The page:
Books In Favor and Opposed to Suffrage: Arguments at Suffrage Hearing; page 2
Ignorant Woman Voter.
Mrs. Winslow Crannell, of Albanjr, spoke of the inexpediency of admitting a vast number of ignorant women to the State's electorate, and said: "Personally, I am no more afraid of the vote of the immigrant woman, than I am of the vote of the irresponsible woman of the State, who would use it as a newplaything, to be discarded whenever it seemed to interfere with | any new toy or experience. The popu- � lation of New York State is estimated to ibe about !i,OQO,OOt). There is a larger percentage of females than of males. The foreign population according to the la.st census, is about one-third the total population. Wo should then have 2,-250,000 men who could vote if they car,ed to. And to these male voters an equal percentage of female voters, and you will have, in all a voting: population of 4,500,000 of which number 1,-500,000 are foreign born. Every ballot cast helps to govern us, one as much as another. The ballot of the ignorant, of the vicious, carries as much weight with it as does that of Judge orPrelate. The maid who urged me not to oppose women suffrage as her vote would bring her .$5 the. sura her father received for his vote would cast a ballot which, would be as eflec-j
tive in the adjustment of government as mine would be."
Other speakers were: Mrs, John Martin, of Gryrues Hill, Stateu island, Mrs. William P. Xorthrup and Mr 3. Richard K. Nole, Jr., of Buffalo, and Dr. Lucy B. Bannistr, at present in charge of the welfare work ' of the Westinghouse interests.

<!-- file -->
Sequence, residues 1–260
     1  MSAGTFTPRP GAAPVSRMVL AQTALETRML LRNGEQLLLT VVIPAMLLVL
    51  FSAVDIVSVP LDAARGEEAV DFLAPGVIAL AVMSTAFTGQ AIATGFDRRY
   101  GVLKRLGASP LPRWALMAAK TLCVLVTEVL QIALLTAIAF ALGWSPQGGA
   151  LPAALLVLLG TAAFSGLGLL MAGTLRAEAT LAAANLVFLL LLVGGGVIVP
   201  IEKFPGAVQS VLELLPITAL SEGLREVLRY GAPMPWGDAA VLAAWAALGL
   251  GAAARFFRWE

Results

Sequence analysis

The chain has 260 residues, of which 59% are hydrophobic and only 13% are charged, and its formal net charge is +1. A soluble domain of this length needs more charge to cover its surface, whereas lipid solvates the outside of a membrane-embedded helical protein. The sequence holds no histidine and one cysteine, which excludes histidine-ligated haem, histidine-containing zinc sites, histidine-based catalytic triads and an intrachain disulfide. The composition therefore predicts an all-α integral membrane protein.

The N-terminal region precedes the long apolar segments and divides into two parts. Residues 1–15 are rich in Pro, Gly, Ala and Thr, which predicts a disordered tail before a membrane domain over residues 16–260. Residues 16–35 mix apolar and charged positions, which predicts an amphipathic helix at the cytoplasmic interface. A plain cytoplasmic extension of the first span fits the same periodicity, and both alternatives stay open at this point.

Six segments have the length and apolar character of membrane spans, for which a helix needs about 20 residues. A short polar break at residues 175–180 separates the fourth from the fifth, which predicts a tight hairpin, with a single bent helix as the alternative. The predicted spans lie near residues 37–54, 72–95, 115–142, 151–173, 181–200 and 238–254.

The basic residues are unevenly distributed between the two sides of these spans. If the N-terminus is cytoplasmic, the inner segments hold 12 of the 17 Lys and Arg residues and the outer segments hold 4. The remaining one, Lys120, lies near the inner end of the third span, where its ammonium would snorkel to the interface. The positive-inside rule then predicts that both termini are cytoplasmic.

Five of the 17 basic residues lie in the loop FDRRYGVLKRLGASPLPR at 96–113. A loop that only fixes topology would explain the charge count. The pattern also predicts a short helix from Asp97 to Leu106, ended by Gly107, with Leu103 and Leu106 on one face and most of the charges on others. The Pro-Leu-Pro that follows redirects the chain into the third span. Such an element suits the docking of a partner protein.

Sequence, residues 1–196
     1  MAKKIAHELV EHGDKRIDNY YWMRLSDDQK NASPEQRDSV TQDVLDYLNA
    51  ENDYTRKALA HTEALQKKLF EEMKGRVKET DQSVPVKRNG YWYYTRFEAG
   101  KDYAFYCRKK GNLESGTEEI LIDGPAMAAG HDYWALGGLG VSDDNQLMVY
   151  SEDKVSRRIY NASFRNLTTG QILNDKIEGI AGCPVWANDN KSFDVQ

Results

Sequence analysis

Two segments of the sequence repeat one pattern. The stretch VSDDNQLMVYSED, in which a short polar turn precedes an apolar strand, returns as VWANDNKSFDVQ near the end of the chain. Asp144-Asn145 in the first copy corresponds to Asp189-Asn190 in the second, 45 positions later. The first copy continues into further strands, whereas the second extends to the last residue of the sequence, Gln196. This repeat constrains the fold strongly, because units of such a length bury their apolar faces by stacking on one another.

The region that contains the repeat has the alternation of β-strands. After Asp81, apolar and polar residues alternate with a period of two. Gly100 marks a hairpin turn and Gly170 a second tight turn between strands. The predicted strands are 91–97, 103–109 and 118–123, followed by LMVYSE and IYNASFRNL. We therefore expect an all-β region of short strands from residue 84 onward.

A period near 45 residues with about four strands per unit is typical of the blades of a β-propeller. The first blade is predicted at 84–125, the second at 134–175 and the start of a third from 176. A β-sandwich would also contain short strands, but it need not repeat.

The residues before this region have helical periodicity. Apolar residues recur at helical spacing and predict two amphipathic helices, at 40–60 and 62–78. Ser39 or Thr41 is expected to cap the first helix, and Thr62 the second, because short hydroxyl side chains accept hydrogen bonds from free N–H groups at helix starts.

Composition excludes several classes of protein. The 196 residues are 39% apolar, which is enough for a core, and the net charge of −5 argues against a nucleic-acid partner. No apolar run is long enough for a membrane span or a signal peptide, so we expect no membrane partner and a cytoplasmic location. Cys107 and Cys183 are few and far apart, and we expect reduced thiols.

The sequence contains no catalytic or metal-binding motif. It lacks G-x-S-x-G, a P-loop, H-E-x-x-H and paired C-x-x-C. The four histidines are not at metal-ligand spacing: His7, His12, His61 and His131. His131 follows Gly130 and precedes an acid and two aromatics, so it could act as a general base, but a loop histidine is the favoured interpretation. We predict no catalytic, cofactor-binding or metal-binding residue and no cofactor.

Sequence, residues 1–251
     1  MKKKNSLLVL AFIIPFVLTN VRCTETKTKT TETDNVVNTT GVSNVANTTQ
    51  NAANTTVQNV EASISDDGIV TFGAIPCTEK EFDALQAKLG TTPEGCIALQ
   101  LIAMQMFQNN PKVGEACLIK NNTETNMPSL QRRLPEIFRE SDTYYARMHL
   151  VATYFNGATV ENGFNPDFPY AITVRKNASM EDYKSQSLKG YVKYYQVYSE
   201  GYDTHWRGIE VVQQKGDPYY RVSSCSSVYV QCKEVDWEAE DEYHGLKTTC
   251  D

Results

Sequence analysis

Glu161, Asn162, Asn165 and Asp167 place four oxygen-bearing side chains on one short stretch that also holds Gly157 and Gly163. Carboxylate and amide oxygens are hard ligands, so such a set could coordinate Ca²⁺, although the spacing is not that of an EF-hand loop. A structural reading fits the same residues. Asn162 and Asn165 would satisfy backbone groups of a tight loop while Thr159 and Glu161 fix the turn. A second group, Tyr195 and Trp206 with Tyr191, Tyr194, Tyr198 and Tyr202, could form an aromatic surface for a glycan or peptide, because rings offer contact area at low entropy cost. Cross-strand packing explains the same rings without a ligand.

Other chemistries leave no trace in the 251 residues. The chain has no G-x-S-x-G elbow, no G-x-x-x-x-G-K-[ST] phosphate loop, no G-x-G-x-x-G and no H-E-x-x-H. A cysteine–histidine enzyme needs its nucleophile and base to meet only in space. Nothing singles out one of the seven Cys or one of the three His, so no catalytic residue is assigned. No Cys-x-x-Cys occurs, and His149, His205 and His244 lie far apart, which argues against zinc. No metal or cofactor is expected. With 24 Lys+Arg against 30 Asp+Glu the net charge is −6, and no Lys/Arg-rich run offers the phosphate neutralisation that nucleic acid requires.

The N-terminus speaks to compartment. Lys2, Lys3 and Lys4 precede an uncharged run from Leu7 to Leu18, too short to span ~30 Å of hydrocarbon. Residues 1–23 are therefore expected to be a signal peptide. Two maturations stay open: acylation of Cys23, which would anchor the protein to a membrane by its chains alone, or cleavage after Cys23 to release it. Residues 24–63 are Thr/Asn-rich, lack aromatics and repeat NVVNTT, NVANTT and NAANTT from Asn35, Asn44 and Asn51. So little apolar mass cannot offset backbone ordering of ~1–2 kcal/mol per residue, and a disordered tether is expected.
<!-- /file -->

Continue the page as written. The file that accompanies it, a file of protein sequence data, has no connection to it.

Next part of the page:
Woi'kingwornaii Not in Nceit.
Mrs. Robert McViekar's speech received especial attention owing to the fact that she is president of the New York State Consumer's leag'ue. She said that the total number of girls and women of sixteen years of age and upwards in this country was about 23,-500,000, and'of these about a fifth ware
1 bread-winners. Nearly half of these wage-earning women were under twenty-five years cf age, showing that the large proportion of the women who take up an occupation in early life abandon it later when they marry, she continued: ''The situation resolves it-| self into this. Only 20.6 per cent of the i
| total number of women in this country I are bread-winners. Out of this number j the large proportion are foreigners and j 32 per cent are between sixteen and twenty years of age. Must the whole body of home-keeping women be saddled with the added responsibility of the suffrage in order to render doubtful assistance to 6 per cent of girls in temporary employment, which they forsake in a very short time for a home of their own?"
;Mrs. Henry A. Stimson, of New York, pointed out that the combined population of all four women suffrage States is about equal to one-third of that of New York city. Discussing the deeper aspect of the question she said:
"Were we women so presumptuous as to think we could take up your especial work in the State, we should have to do it .in addition to our own work, for that we could never turn over to you. An act of the legislature might make us voters, but no amount of legislation could ever make you men, mothers, and either as actual, or potential mothers, all women must be considered."